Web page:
Collection Max Mara
Since its inception, the Max Mara brand has been all about self-confidence, a theme initially expressed by their warm, elegant coats and their boxy yet feminine shape, and that made a flamboyant comeback on the runway of the Italian brand's Autumn-Winter 2019 collection.
While the colour most commonly associated with Max Mara is camel (and all its variations), this time the brand decided to spice things up. With shades of yellow, turquoise and green, the Max Mara look has taken a colourful turn with a range of vibrant hues as well as characterful animal prints, stylish stripes and quirky checks. Their motto: stand out from the crowd. And Ian Griffiths chose just the right place to showcase his explosive feminism-inspired collection: Bocconi University, which specialises in courses in economics and politics, churning out an endless stream of beautiful minds and, since February this year, future CEOs with a look to die for.
The Max Mara label was founded in Reggio Emilia, Italy in 1951 by Achille Maramotti, grandson of designer Marina Rinaldi. Keen to break away from handcrafted creations, the designer focused on offering women mass-produced designer-quality fashion. His pioneering take on feminism homed in on the profile of the businesswoman, offering a glamorous and structured silhouette with sharp shoulders and a high-end finish.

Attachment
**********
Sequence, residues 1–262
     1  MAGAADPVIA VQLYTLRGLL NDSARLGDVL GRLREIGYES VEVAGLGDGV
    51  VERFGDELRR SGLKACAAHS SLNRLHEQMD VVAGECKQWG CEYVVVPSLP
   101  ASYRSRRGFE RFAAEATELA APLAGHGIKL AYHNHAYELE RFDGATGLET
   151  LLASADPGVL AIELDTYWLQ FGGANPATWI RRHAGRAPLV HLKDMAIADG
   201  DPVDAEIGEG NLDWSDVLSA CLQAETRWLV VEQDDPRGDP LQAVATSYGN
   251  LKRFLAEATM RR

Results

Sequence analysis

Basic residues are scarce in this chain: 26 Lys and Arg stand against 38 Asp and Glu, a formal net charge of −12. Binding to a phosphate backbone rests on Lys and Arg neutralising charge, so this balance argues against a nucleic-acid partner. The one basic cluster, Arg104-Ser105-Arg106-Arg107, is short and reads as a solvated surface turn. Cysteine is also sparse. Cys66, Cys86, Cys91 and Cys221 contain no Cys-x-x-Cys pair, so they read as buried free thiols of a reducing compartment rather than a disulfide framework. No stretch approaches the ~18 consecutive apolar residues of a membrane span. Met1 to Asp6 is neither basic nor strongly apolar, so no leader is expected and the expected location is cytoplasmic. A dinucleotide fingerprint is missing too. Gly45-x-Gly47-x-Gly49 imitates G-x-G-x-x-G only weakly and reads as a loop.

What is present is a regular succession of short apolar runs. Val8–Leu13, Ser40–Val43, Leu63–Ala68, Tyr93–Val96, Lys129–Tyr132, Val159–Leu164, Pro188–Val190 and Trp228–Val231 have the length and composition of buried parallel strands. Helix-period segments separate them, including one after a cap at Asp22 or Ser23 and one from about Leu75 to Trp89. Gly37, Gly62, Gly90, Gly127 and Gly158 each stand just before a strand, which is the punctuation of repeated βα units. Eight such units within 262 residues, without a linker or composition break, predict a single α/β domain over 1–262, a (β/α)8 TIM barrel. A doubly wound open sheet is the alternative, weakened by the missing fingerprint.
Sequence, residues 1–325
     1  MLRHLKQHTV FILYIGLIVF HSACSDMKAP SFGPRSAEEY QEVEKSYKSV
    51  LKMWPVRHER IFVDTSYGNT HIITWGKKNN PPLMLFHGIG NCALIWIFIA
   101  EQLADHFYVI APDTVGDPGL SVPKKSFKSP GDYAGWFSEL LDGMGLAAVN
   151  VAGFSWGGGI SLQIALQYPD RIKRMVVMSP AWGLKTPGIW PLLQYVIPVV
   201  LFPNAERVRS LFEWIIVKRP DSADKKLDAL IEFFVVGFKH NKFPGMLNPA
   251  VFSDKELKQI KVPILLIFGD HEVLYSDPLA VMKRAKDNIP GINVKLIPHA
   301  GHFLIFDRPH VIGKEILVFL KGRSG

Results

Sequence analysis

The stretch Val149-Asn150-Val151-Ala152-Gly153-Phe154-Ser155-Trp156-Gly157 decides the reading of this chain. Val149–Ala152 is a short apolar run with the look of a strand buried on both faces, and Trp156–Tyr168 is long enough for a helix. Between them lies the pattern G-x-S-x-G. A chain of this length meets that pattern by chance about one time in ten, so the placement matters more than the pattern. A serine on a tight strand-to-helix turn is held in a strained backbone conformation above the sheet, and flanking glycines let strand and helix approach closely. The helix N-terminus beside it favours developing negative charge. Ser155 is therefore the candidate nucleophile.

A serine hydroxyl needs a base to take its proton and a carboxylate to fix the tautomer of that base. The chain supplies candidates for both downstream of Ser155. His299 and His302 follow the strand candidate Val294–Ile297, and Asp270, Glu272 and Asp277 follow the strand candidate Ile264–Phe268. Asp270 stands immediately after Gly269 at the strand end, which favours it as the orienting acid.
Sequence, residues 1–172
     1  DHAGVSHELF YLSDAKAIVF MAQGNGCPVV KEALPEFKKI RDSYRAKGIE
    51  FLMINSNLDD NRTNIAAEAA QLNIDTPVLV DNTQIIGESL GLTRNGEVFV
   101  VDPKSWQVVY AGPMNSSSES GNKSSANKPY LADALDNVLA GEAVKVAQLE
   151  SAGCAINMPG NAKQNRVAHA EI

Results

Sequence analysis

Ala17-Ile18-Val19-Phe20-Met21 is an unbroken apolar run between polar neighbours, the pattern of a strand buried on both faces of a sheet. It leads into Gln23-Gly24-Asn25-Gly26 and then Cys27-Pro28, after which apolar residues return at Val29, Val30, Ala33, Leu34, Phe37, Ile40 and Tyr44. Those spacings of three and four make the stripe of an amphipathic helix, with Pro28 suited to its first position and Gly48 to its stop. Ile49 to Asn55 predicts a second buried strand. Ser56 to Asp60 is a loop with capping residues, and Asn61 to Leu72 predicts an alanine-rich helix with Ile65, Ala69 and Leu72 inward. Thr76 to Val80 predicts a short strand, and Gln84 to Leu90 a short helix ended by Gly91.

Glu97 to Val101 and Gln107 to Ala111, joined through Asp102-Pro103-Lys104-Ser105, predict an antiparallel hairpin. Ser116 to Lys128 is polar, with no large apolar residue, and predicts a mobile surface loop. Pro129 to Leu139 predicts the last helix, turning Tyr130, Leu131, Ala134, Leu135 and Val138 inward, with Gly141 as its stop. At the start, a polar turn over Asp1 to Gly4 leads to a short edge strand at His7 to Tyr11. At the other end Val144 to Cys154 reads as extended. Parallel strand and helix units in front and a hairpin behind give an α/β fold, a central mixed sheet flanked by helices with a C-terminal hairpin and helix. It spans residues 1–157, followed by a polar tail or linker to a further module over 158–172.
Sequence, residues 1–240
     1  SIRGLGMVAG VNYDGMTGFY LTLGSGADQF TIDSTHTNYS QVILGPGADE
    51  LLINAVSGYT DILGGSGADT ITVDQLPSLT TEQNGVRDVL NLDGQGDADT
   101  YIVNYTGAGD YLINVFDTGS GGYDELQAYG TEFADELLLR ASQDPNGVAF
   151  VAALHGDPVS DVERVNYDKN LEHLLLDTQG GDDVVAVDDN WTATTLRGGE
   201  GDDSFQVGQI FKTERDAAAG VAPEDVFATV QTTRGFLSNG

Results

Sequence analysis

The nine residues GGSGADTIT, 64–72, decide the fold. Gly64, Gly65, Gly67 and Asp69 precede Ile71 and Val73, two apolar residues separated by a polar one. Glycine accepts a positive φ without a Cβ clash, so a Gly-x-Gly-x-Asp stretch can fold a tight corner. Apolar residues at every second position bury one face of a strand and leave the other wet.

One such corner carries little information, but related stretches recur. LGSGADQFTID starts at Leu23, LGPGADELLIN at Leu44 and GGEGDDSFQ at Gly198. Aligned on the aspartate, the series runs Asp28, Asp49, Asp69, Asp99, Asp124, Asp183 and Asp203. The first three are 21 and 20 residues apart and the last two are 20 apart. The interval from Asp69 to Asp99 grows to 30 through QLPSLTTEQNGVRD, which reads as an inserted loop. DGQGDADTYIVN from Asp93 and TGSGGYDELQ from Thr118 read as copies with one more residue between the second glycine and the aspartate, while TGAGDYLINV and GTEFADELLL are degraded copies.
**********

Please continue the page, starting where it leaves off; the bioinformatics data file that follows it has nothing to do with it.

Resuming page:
In the mid-80s, Anne Marie Beretta took over the brand’s artistic direction and in 1981 created the iconic 101801 coat, which quickly became a bestseller and still ranks among the label's key pieces today.
Born in England, designer Ian Griffiths has been splitting his time between the United Kingdom and Italy since 1987, when he started out at Max Mara. After studying architecture, he turned his attentions to fashion, studying at Manchester Polytechnic and the Royal College of Art. At the end of the 80s, he tried his luck in a contest organised by the Max Mara brand, and was successfully hired as a junior designer under the direction of Anne Marie Beretta. More than thirty years on, the British designer still works at Max Mara, striving to perpetuate the feminist image that the label has championed since its beginnings.
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